Category Archives: iphone

Apple banning Flash applications from iPhone 4.0? That stinks.

John Gruber reports on a new clause in the iPhone 4.0 SDK, to be agreed by developers before downloading:

3.3.1 — Applications may only use Documented APIs in the manner prescribed by Apple and must not use or call any private APIs. Applications must be originally written in Objective-C, C, C++, or JavaScript as executed by the iPhone OS WebKit engine, and only code written in C, C++, and Objective-C may compile and directly link against the Documented APIs (e.g., Applications that link to Documented APIs through an intermediary translation or compatibility layer or tool are prohibited).

Gruber interprets this as prohibiting Flash applications compiled to iPhone, as well as other development tools such as Monotouch. Flash compilation for iPhone is a feature of Creative Suite 5, to be launched on Monday 12th April.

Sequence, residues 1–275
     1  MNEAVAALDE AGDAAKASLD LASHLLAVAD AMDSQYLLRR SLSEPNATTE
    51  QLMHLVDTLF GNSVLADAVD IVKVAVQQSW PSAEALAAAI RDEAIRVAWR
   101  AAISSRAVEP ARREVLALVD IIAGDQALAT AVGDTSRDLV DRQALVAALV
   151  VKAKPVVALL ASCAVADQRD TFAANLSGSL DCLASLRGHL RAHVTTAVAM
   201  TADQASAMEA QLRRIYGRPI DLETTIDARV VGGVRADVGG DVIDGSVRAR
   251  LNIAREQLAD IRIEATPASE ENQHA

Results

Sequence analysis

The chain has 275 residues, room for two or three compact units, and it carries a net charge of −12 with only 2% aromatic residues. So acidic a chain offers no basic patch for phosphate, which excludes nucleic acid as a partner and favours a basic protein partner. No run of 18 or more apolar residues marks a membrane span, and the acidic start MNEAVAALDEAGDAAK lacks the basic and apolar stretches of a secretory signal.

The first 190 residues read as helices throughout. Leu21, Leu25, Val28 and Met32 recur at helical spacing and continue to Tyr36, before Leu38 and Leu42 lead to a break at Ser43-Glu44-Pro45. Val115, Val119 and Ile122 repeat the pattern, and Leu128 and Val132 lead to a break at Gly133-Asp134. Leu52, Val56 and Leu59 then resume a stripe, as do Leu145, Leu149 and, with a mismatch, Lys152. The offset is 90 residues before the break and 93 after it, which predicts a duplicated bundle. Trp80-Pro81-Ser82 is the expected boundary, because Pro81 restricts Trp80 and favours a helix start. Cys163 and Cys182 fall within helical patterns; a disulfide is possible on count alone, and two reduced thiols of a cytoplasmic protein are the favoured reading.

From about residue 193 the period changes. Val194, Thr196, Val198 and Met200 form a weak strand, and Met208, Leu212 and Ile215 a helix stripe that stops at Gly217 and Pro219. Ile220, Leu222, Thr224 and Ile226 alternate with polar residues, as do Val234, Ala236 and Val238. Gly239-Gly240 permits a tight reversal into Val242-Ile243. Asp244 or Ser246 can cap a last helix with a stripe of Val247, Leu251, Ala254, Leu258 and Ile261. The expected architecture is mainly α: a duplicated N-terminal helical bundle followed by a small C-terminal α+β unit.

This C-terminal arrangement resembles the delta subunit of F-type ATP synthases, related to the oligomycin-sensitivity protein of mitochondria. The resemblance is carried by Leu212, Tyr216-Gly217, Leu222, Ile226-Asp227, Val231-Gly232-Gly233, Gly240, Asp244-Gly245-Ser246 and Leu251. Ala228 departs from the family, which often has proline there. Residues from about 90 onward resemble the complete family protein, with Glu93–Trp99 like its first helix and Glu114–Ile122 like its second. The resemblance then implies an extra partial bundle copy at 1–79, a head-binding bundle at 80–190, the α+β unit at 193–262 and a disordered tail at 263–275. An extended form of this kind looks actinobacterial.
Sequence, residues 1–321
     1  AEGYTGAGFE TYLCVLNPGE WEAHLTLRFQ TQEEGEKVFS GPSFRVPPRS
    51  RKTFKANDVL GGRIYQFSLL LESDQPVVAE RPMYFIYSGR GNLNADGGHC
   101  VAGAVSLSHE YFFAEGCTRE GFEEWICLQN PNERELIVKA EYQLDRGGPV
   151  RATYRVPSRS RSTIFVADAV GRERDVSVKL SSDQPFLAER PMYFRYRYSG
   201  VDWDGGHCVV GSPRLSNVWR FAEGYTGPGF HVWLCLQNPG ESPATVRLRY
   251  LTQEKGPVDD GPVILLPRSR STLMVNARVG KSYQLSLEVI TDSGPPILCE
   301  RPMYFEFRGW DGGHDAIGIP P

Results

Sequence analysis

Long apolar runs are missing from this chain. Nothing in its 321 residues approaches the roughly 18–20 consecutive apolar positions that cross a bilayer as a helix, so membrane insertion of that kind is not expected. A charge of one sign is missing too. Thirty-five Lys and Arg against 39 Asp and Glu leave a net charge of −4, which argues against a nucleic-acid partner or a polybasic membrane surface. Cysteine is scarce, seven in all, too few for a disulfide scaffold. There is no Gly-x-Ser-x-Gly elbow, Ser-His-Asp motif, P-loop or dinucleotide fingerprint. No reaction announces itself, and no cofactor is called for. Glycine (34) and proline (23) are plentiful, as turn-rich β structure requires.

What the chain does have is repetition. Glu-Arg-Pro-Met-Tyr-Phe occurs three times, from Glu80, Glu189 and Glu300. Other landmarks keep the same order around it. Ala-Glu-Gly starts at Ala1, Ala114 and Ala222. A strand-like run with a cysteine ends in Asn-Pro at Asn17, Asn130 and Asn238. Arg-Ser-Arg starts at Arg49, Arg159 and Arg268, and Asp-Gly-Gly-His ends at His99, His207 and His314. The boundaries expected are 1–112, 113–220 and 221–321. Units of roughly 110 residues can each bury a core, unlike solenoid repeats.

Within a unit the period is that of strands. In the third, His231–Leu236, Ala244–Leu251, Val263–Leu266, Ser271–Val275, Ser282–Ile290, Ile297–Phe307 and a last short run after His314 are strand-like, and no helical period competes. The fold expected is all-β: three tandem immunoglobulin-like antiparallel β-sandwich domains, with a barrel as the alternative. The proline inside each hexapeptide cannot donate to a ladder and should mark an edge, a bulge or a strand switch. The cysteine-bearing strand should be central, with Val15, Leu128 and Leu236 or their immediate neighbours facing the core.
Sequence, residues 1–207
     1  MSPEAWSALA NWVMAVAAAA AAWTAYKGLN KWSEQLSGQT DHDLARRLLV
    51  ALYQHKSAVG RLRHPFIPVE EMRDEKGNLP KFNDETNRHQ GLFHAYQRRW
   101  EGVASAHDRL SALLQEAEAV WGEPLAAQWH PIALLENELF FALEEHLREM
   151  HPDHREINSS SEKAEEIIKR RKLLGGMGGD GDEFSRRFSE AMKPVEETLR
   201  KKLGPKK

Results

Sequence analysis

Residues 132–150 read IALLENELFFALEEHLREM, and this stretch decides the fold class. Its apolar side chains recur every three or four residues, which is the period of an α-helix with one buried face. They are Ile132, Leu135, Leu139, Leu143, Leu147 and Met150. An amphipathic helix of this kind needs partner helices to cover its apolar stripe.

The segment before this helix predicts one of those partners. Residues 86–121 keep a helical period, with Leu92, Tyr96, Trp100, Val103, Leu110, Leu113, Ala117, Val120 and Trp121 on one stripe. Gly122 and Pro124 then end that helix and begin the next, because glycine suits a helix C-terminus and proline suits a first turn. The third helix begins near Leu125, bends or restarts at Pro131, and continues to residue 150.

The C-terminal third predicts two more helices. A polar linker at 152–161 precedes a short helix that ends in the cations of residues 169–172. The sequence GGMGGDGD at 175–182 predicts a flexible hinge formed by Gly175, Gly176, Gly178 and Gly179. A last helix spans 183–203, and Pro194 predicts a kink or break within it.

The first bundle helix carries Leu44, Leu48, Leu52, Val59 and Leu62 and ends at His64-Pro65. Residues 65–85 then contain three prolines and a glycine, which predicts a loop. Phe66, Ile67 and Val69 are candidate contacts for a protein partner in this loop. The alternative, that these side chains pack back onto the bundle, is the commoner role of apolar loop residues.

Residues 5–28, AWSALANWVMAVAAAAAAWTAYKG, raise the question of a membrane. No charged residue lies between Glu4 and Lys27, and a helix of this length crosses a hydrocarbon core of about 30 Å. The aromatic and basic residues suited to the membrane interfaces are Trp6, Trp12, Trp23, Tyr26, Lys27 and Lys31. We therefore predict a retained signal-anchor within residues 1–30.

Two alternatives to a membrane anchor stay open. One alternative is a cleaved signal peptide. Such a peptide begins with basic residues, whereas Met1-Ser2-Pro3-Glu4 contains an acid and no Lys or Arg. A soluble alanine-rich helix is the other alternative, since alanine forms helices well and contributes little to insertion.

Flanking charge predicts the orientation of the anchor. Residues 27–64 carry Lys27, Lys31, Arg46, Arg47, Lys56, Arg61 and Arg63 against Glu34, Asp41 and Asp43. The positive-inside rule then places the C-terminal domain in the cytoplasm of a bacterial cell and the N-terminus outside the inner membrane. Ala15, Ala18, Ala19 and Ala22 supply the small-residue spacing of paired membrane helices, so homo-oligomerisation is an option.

This raises several questions, including:

1. Why? Why should Apple care what development tool is used, provided it behaves correctly? Applications are still subject to Apple’s approval,  distributed through the App Store, and if commercial are also subject to Apple’s fee.

2. Is this anti-competitive? I guess this depends on the answer to (1) above.

Either way, it stinks. It especially stinks if Apple gave no notice to companies such as Adobe and Novell; but it stinks anyway.

That said, it’s a beta SDK and a beta agreement so … it could change.